The Punisher – The bloom is really off the rose for these Marvel Netflix shows for me. I found this almost unbearably dull. I don’t have much to say about it.

The Shannara Chronicles – I think I might be alone in really liking this show. In a lot of ways it is not good, but it is trying and ends up being really enjoyable. Manu Bennett is a delight as the taciturn wizard Allanon. It has a diverse interesting cast that has some resemblance to characters and concepts from the Shannara books. It also doesn’t waste the viewers time. Plot points that would take half a season on many shows are dealt with in maybe one. It loses some nuance, but it is such a rollercoaster ride that it is hard to care. It won’t make my best of list, but I am glad I watched it.

Electric Dreams – Amazon Prime gets its own Black Mirror, this based on Philip K Dick short stories, which influenced a lot of modern sci-fi including, if only indirectly, Black Mirror. With an anthology like this, the quality varies from episode to episode, but mostly these are really interesting and good.

What I Watched Jan 2018

Movies
The Shape of Water see review here. *****

Jumanji: Welcome to the Jungle see review here. ***1/2

Goon: Last of the Enforcers — The original Goon was a really fun sports comedy. This sequel doesn’t really have much to offer. Everything that worked in the first movie either doesn’t work here or is so diminished that it doesn’t matter. It wasn’t offensively bad or anything, but it really doesn’t have a reason to exist. **

The Polka King — Between this and Bernie, Jack Black is kind of cornering the market on playing weird criminals. Here he plays a Polka musician who dreams big, and takes investment money from some old people fund tours for his polka band. He is not really a bad person; he genuinely believes that he will be successful and be able to pay everyone what he owes them, but he obviously can’t, as is made clear as it inevitably falls apart. It is funny and sad. ***1/2

Mary and the Witch’s Flower — see review here. ****

Step Sisters – This is a small cut above this usual sort of sports/dance movie since it at least tries to have something to say. I don’t know that it actually does; I might be giving it too little credit because I am really not the target audience, but at least it tried. It is well made, but largely familiar. ***

Godzilla: Planet of the Monsters – I love Godzilla, but I didn’t like this at all. It is ugly and slow and mostly really boring. I realize more is coming, but this felt more like a mediocre first chapter than an actual movie. **

License to Wed — I like the people in this movie; Robin Williams, John Krasinski and Mandy Moore (I guess). But the movie misses the mark in just about every way, coming off as creepy and deranged rather than funny and relatable. *

A Futile and Stupid Gesture — This is so close to being really good, but it doesn’t quite come together. It feels like it is telling the story to people who already know it. It name drops a lot of people, but it doesn’t really tell you anything if you don’t already know to who those people are. It is still mostly amusing and well made, but it is a little too scattered. I guess that fits for the guy behind Animal House and Caddyshack. ***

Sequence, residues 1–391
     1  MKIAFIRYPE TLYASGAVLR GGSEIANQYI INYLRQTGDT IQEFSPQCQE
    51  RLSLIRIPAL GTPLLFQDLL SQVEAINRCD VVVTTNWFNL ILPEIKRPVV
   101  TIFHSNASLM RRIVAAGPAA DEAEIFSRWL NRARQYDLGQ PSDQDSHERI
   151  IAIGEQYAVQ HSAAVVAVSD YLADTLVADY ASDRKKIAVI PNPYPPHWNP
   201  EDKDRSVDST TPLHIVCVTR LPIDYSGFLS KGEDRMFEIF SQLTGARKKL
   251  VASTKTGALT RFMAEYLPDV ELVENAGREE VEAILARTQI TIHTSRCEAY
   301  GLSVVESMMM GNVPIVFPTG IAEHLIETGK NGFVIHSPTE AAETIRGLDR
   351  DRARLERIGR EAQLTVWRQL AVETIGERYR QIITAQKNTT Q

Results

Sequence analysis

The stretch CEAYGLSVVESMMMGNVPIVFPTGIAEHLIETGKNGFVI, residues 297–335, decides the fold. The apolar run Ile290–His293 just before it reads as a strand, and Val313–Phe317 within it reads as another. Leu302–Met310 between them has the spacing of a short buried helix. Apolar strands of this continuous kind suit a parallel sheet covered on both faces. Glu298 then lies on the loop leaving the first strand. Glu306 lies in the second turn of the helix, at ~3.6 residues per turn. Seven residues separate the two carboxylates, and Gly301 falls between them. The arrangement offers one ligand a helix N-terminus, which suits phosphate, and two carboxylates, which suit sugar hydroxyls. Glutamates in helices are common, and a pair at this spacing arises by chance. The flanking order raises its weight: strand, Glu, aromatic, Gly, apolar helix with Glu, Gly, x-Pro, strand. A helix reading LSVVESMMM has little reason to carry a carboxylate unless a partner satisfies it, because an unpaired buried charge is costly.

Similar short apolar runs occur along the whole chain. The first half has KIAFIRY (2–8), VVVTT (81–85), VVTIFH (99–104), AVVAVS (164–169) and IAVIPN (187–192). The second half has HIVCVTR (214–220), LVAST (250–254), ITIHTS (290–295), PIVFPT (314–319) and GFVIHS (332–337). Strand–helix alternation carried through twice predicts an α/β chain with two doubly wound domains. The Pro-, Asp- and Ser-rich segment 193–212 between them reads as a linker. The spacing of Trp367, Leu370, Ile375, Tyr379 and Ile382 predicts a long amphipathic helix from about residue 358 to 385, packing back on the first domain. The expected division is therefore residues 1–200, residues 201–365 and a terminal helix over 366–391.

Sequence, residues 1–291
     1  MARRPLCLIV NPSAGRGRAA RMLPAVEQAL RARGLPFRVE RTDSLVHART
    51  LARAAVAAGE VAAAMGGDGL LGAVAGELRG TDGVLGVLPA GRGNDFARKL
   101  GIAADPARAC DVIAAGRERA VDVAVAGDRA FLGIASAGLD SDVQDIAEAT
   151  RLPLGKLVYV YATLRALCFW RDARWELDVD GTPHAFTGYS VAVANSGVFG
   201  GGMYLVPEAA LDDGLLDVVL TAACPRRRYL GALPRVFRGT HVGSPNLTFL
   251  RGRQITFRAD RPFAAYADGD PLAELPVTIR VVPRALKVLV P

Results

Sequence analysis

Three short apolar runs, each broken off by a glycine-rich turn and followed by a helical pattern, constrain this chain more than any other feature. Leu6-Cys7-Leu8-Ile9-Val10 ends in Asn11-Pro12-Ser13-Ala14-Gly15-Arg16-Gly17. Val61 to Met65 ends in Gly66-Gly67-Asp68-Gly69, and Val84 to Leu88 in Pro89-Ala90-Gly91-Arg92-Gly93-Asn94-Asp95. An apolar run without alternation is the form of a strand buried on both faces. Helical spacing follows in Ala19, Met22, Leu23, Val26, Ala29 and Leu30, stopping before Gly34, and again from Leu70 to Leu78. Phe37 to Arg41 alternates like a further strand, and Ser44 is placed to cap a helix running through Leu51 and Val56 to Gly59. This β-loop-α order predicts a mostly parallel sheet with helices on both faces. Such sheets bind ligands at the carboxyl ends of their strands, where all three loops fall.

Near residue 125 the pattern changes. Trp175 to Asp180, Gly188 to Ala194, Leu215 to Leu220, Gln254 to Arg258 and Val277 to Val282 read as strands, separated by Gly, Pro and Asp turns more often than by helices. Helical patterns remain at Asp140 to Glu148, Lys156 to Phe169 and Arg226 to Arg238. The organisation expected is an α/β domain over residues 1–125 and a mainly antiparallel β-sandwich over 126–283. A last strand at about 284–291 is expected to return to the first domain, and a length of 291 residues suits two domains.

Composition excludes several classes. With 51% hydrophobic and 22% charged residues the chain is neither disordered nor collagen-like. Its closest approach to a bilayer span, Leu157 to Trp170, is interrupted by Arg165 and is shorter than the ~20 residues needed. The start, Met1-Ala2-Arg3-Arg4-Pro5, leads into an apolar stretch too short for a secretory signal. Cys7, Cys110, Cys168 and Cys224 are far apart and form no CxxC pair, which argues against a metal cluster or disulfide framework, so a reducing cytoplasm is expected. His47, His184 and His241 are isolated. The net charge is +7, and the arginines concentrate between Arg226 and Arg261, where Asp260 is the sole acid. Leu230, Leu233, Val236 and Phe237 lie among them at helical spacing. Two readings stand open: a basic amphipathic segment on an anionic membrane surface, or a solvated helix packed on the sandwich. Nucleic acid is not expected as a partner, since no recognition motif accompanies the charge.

Michael Clayton — This movie is really good, just an intense, perfectly thriller. I kind of want to write a full post about it. It is just so good. *****

TV

Psych — I don’t have much to say about Psych right now, other than that I am glad it is available streaming again. It is my ideal background noise show; I love it.

The Office — Another old favorite that rewatched chunks of. It holds up. Seasons 2 and 3 are some of the best TV seasons ever made, and the rest never falls below pretty good. The show never really develops the warmth of something like Parks and Rec, but it remains really funny and occasionally touching.

Top of the Lake — I heard good things about the second season of this, China Girl, but I decided to watch from the beginning. It’s good. A slower, more thoughtful show than I really wanted to be watching, but it is quality stuff. I don’t know that it really succeeds as a mystery, but it works as a character study. I’ll get to the second season sometime.

Runaways — Hulu’s entry into the superhero genre. Well, kind of. The comic this is based on is excellent; one of my favorites. They got the characters and the look right, but they changed up the story. The changes make sense in a lot of ways, the comic does sort of lose its focus after the parents are dealt with, but it fell into the trap that Marvel’s Netflix shows have increasingly fallen into; the show is impossibly padded. There are just long stretches were nothing happens or it repeats plot points. My complaint is essentially that in a show titles Runaways, the kids don’t actually run away until the last episode.

Great News — I will have a blog post about this show sometime, especially as it appears to have aired its last episode. It is a great follow up to 30 Rock, one of the greatest sitcoms ever made. This season was strong all the way through, though it did have the misfortune of following the sublime Good Place, which sucked up all the attention. This season fleshed out the secondary characters and brought its central story to what can be looked at as a satisfactory conclusion. This show deserved better.

One Day At a Time — The second season of this Netflix sitcom frustrated me like the last season. There is a lot that is good about it, but I doesn’t quite hit the mark for me. The show combines very old fashioned structure and format with very forward looking subject matter. The latter works for me, but I have never been a big fan of the former. My favorite shows have almost all been single camera sitcoms that had no laugh tracks. There is nothing wrong with that format, it just doesn’t really work for me. At least it is well written, unlike the similarly formatted Fuller House, which is a complete pile of shit.